{
                services = new Int32[] { (Int32)value };
            }
            else if (value.GetType() == typeof(Int32[]))
            {
                services = (Int32[])value;
            }
        }
    }

}
share|improve this question
1  
Show us how your are constructing your json object. That's where the problem is most likely. –  Ryan Bennett Jan 7 '13 at 15:46
    
yes definitely it would be better if the json wasn't generated like that, but apparently this is valid - so i do have to accept this and i can see it's quite logical to allow this, it's also beyond my control –  John C Scott Jan 7 '13 at 21:05
    
I don't think the problem is related to how you are deserializing - I think the problem lies in the json itself once it gets to your deserializer. As in, its giving you an int, instead of an array with one int. –  Ryan Bennett Jan 7 '13 at 21:25
    
the serializing is beyond my control, in the hands of another developer in another organisation, he tells me that the json he uses automatically makes this "correction" if an array with a single item is submitted it converts this to a single number. i have seen the source and seen that the library is doing this and can replicate it. i could insist the json comes in the expected format and force a change at the client end, but if this is a real issue then it feels the good solution is to accept this valid input also. –  John C Scott Jan 8 '13 at 6:59

2 Answers 2

up vote 2 down vote accepted

I would make the variables p[rivate and expose them through getters and setters. In the setter, you can evaluate the property sent in and set it appropriately.

    private Int32[] numbers;

    public object Numbers
    {
        get { return numbers; }
        set
        {
            if (value.GetType() == typeof(Int32))
            {
                numbers = new Int32[] { (Int32)value };
            }
            else if (value.GetType() == typeof(Int32[]))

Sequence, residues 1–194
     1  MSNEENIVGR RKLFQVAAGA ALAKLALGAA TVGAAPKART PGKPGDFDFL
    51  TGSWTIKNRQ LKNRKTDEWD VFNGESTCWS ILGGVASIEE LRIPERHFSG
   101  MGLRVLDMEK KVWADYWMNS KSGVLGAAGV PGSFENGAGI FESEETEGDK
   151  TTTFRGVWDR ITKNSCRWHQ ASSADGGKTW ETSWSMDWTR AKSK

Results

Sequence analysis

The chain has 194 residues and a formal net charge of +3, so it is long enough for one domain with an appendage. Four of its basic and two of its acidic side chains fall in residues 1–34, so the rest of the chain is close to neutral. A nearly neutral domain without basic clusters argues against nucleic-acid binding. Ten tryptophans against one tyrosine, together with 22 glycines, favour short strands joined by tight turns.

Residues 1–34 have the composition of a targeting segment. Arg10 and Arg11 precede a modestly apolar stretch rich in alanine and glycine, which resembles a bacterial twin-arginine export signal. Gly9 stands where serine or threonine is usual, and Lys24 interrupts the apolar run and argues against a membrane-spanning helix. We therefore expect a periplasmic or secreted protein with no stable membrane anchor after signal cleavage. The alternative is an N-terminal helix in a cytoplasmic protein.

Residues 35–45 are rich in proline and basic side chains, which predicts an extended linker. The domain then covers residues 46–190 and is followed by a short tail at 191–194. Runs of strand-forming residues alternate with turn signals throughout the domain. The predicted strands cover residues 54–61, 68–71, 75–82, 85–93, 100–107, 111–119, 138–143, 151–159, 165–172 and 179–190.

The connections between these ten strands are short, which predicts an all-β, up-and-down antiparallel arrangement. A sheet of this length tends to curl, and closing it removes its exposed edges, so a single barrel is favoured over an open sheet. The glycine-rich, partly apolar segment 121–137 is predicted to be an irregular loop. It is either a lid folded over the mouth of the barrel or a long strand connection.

{
                numbers = (Int32[])value;
            }
        }
    }
share|improve this answer
    
that looks like a logical explanation... thank you in this case would the code to set it remain the same i.e. EnquiryModel enq = JsonConvert.DeserializeObject<EnquiryModel>(json); –  John C Scott Jan 7 '13 at 18:18
    
It should, because that method should just be assigning to the properties. Remember to mark as answer if this helped. –  Brian P Jan 7 '13 at 18:38
    
yes I like this solution a lot it's elegant and feels right - I'll try it out tomorrow - and will mark as the answer –  John C Scott Jan 7 '13 at 21:06
    
that worked really nicely thank you :) –  John C Scott Jan 8 '13 at 8:31
    
no this actually doesn't work because the typeof() is then object[] when the array is sent which won't cast to int[] –  John C Scott Feb 25 '13 at 14:30

I feel you will need to write your own wrapper which will check that if a single item of type T exists, it converts it to new T[]{item}. You can use JSON.NET's JObject class.

JObject o = JObject.Parse(response);

and evaluate o for the particular property you are looking for.

share|improve this answer
    
i had thought about this, i did just wonder if there was a better way to do this that wouldn't generate lots of extra code to be maintained if there was a way to have an alternative constructor, a setter that could somehow take an alternatively typed initialiser, that feels like the right solution –  John C Scott Jan 7 '13 at 21:03